Ningxia government leverages on culture to alleviate local poverty
Bu Xilan (R) introduces embroidery skill to neighbours in Maping Village of Longde County, northwest China's Ningxia Hui Autonomous Region, May 23, 2017. Rural embroidery in Longde has a history of more than 100 years. The 67-year-old Bu was awarded as a successor of intangible cultural heritage of Ningxia in 2003. She also taught the skill to her children and neighbours.[Photo: Xinhua]
Ningxia Hui Autonomous Region in northwest China is one of the poorest areas of the country.
Nine local counties, which account for nearly half of the region, are recognized by the central government in Beijing as being poverty-stricken.
But the local government in Ningxia is launching a war against poverty by tapping into the region's cultural resources.
Xu Qin is a 42-year-old embroidery worker at an art work company in Haiyuan, a county some 280 kilometers away from Ningxia's capital, Yinchuan.
She earns up to 3-thousand yuan each month.
Xu says that until recently she could not have imagined receiving such a high salary, when she was spending most of her time farming and doing household work.
"Actually, how much I earn is not at the top of my concern now. More importantly, through this job I realize I myself actually can better contribute to the society. This is what makes me happy."
Haiyuan is one of more than 500 counties across China that are officially-recognized as being poverty-stricken.
Traditional arts like embroidery and paper-cutting have long been passed by local women from generation to generation.
However, these arts have been seen as ways to kill time in winter when there was little farming work to do, rather than a source of income.
This is what Haiyuan government is hoping to change.
In 2015, local authorities established an industrial park, promising that makers of paper-cutting and embroidery products would enjoy three-years rent free if they moved into the park.
The park is currently home to around 20 companies employing around 300 locals like Xu Qin.
Last year, they generated 15 million yuan in revenue.
Haiyuan is not alone.
The Ningxia provincial government is pushing ahead with a giant program to boost the development of local cultural industries.
Paper-cutting, embroidery, and clay sculpting are seen as some of the key players in this push.
Since the program was launched more than a year ago, millions of yuan have been earmarked from a special fund to provide subsidies to companies producing art and cultural products.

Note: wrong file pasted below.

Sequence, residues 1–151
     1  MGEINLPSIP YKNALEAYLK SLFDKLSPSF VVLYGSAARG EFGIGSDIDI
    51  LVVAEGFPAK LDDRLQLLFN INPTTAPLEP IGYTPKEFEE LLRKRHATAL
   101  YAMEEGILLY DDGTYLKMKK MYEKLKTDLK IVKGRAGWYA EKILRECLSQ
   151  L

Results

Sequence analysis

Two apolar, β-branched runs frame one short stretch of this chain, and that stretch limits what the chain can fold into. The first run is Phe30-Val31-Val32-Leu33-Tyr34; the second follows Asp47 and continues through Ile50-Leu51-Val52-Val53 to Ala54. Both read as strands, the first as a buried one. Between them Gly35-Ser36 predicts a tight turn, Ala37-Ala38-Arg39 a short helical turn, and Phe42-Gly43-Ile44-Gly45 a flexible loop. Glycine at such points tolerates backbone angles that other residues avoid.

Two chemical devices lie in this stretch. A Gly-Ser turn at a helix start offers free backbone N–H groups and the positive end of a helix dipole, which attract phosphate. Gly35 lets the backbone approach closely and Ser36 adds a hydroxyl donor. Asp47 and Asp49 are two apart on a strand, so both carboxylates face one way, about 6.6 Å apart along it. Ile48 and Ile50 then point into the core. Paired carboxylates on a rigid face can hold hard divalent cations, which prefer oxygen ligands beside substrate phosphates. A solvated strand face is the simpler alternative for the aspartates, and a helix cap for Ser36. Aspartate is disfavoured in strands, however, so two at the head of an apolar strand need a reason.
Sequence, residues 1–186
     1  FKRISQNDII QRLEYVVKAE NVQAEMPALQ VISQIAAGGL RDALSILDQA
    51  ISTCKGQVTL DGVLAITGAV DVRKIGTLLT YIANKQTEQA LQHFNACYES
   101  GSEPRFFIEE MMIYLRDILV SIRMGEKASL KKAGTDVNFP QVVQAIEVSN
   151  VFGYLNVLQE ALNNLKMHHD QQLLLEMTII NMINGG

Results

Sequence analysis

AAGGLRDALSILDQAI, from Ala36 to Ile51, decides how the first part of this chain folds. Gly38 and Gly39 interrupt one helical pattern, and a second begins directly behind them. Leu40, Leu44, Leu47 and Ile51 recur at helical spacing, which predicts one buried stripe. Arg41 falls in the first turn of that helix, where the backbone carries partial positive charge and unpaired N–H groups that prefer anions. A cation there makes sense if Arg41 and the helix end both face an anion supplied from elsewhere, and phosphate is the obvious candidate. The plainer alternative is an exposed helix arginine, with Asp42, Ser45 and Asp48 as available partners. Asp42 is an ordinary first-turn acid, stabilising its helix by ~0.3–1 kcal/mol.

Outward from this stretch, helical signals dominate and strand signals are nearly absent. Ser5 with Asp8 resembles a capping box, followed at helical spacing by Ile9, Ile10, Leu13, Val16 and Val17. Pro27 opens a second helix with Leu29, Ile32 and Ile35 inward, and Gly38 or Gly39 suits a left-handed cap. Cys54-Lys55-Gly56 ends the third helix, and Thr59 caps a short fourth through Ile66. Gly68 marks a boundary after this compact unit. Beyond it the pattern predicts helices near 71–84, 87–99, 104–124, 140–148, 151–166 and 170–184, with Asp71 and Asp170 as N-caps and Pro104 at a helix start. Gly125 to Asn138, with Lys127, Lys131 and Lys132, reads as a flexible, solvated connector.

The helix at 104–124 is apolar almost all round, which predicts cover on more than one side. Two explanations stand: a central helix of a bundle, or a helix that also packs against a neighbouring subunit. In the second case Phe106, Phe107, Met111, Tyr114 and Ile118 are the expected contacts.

Most of these companies have been small start-ups.
Provincial official Wan Yaping has been leading the program.
"Ningxia is doing its best to remedy a lack of development in cultural industries. We hope to use cultural affairs to help reduce poverty, and to build a moderately prosperous society. This also gives a great boost to the creativity of us government officials."
As part of the program, Ningxia authorities have also invested some 120 million yuan over the last two years to build cultural facilities such as stages for performing arts and libraries in almost every village in the region.
Authorities say enriching the spiritual life of the people living in poor areas is an important part of the broader poverty alleviation efforts.
Singing and dancing is becoming a daily routine for women in a village named Qingshan.
Hao Zigeng is a local village official.
"The setting up of our cultural facility center has provided a place for villagers to dance and sing, do some reading, and surf the internet. The center also serves as place where we could organize villagers to watch a drama, or watch a movie."
74-year-old Dai Tianfu is a performer of Kuaiban, an oral storytelling performance popular in northern China.
Dai owns a courtyard in his home village of Caowa.
The yard is becoming a salon for amateur performing artists from nearby areas.
Dai says apart from the yard itself, everything else such as musical instrument and audio equipment is sponsored by the government.